Granular Activated Carbon (GAC) Unit
The granular activated carbon system absorbs radon and other volatile organic compounds (VOCs) from the well water. When water containing high concentrations of radon is passed through a bed of activated carbon the radon is absorbed onto the carbon, thereby affecting a separation of radon from the water. When used appropriately, properly installed and maintained regularly, it will yield approximately 90%+/- radon reduction. The EPA recommends that this system only be used when radon in water content is less than 10,000 pCi/L. When carbon becomes fully loaded with the contaminant it can no longer adsorb. For this reason, it is necessary to service GAC systems by changing tanks. The rebed of the carbon tank used in a GAC system must be serviced to help ensure that the system will continue to reduce water radon concentrations to target levels. This also safeguards against possible contaminant buildup on the carbon tanks.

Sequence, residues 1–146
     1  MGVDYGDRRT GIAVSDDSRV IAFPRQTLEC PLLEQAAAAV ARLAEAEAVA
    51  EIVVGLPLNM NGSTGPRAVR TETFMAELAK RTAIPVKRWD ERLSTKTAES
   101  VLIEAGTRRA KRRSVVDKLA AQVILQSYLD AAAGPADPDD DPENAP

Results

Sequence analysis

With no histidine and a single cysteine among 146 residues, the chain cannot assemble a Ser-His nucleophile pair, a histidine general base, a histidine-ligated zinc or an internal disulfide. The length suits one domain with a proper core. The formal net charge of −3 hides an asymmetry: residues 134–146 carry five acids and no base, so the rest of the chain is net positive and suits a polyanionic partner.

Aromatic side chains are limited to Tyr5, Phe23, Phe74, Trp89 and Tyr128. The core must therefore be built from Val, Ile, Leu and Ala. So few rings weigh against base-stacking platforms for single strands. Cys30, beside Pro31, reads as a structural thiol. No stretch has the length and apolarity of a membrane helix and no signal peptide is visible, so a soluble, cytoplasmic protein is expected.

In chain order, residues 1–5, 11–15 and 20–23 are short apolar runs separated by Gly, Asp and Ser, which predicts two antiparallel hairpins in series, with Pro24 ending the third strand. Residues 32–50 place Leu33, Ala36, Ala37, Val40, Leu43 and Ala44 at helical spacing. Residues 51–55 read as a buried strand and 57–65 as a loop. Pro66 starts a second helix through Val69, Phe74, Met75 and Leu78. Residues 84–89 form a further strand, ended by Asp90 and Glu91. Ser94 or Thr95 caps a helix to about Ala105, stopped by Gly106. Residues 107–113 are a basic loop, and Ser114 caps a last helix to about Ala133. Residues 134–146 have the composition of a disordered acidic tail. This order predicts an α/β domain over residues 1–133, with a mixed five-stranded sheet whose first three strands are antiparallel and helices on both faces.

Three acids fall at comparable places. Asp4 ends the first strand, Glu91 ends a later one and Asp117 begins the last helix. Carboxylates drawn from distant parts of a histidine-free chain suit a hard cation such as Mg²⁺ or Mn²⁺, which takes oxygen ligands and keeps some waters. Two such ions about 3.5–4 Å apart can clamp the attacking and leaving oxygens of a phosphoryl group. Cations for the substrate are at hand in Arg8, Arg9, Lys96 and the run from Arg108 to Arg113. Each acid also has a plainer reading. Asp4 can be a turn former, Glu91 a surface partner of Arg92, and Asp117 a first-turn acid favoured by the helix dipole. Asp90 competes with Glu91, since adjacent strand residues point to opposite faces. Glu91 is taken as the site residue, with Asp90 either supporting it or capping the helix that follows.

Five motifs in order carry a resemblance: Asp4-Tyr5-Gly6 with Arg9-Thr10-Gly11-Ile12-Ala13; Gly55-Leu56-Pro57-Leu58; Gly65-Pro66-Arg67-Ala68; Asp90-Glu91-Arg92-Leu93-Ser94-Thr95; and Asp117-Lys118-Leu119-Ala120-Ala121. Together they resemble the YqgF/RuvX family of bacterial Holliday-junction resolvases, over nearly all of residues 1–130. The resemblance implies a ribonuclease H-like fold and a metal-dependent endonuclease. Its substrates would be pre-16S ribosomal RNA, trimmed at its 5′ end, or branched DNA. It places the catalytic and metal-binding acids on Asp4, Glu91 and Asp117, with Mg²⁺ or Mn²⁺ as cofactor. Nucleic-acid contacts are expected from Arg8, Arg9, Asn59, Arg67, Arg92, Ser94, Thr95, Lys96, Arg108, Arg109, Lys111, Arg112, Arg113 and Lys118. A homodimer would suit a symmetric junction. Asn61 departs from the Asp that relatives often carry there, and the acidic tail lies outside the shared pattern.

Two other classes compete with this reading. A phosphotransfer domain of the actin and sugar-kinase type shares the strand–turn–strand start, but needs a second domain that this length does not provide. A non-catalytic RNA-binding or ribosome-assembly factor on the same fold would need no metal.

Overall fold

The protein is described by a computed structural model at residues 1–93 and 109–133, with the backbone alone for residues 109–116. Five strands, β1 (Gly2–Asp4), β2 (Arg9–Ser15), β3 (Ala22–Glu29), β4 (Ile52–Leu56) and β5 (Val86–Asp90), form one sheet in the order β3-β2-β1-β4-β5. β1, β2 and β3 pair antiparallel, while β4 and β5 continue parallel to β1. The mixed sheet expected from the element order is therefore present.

What is Radon?
Radon occurs naturally in the air both inside and outside your home. It is the concentration level present in your home that will determine if action should be taken to reduce the level to the EPA guidelines. Testing is the only way to accurately measure the radon level in the water and air. Radon testing is relatively inexpensive and can be done quickly.